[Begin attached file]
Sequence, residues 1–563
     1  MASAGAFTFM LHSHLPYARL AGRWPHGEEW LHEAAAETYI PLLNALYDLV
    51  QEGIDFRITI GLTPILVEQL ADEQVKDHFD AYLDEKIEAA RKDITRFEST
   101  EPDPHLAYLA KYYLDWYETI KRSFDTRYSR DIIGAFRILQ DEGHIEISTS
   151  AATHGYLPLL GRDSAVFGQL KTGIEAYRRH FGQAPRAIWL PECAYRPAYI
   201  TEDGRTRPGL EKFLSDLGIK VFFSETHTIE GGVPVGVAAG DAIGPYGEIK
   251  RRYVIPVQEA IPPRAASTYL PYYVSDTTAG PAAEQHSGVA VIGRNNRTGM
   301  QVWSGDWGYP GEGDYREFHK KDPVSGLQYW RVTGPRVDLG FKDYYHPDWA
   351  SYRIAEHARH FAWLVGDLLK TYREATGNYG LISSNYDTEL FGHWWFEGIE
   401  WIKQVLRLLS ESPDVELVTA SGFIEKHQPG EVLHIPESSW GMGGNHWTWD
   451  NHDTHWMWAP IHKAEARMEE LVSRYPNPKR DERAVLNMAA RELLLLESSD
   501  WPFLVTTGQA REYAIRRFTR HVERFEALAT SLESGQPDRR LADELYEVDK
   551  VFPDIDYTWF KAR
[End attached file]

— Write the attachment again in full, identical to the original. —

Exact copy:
Sequence, residues 1–563
     1  MASAGAFTFM LHSHLPYARL AGRWPHGEEW LHEAAAETYI PLLNALYDLV
    51  QEGIDFRITI GLTPILVEQL ADEQVKDHFD AYLDEKIEAA RKDITRFEST
   101  EPDPHLAYLA KYYLDWYETI KRSFDTRYSR DIIGAFRILQ DEGHIEISTS
   151  AATHGYLPLL GRDSAVFGQL KTGIEAYRRH FGQAPRAIWL PECAYRPAYI
   201  TEDGRTRPGL EKFLSDLGIK VFFSETHTIE GGVPVGVAAG DAIGPYGEIK
   251  RRYVIPVQEA IPPRAASTYL PYYVSDTTAG PAAEQHSGVA VIGRNNRTGM
   301  QVWSGDWGYP GEGDYREFHK KDPVSGLQYW RVTGPRVDLG FKDYYHPDWA
   351  SYRIAEHARH FAWLVGDLLK TYREATGNYG LISSNYDTEL FGHWWFEGIE
   401  WIKQVLRLLS ESPDVELVTA SGFIEKHQPG EVLHIPESSW GMGGNHWTWD
   451  NHDTHWMWAP IHKAEARMEE LVSRYPNPKR DERAVLNMAA RELLLLESSD
   501  WPFLVTTGQA REYAIRRFTR HVERFEALAT SLESGQPDRR LADELYEVDK
   551  VFPDIDYTWF KAR